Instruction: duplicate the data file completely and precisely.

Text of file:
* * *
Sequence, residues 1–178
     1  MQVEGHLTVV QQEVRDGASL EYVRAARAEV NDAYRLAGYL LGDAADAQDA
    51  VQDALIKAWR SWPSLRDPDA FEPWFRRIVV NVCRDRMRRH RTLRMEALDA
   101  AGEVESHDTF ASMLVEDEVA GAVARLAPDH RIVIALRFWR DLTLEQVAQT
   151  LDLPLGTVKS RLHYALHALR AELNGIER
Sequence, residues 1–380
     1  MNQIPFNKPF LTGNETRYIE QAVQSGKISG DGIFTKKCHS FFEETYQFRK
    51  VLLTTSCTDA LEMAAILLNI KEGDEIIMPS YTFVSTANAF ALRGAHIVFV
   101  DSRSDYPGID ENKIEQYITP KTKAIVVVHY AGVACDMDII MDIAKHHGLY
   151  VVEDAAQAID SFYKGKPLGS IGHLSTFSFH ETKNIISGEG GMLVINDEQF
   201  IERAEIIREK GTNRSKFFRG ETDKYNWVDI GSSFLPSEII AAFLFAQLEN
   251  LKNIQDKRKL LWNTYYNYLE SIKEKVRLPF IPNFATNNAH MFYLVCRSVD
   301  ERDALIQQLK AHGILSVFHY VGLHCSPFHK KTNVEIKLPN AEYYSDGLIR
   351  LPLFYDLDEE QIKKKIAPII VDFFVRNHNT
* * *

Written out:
Sequence, residues 1–178
     1  MQVEGHLTVV QQEVRDGASL EYVRAARAEV NDAYRLAGYL LGDAADAQDA
    51  VQDALIKAWR SWPSLRDPDA FEPWFRRIVV NVCRDRMRRH RTLRMEALDA
   101  AGEVESHDTF ASMLVEDEVA GAVARLAPDH RIVIALRFWR DLTLEQVAQT
   151  LDLPLGTVKS RLHYALHALR AELNGIER
Sequence, residues 1–380
     1  MNQIPFNKPF LTGNETRYIE QAVQSGKISG DGIFTKKCHS FFEETYQFRK
    51  VLLTTSCTDA LEMAAILLNI KEGDEIIMPS YTFVSTANAF ALRGAHIVFV
   101  DSRSDYPGID ENKIEQYITP KTKAIVVVHY AGVACDMDII MDIAKHHGLY
   151  VVEDAAQAID SFYKGKPLGS IGHLSTFSFH ETKNIISGEG GMLVINDEQF
   201  IERAEIIREK GTNRSKFFRG ETDKYNWVDI GSSFLPSEII AAFLFAQLEN
   251  LKNIQDKRKL LWNTYYNYLE SIKEKVRLPF IPNFATNNAH MFYLVCRSVD
   301  ERDALIQQLK AHGILSVFHY VGLHCSPFHK KTNVEIKLPN AEYYSDGLIR
   351  LPLFYDLDEE QIKKKIAPII VDFFVRNHNT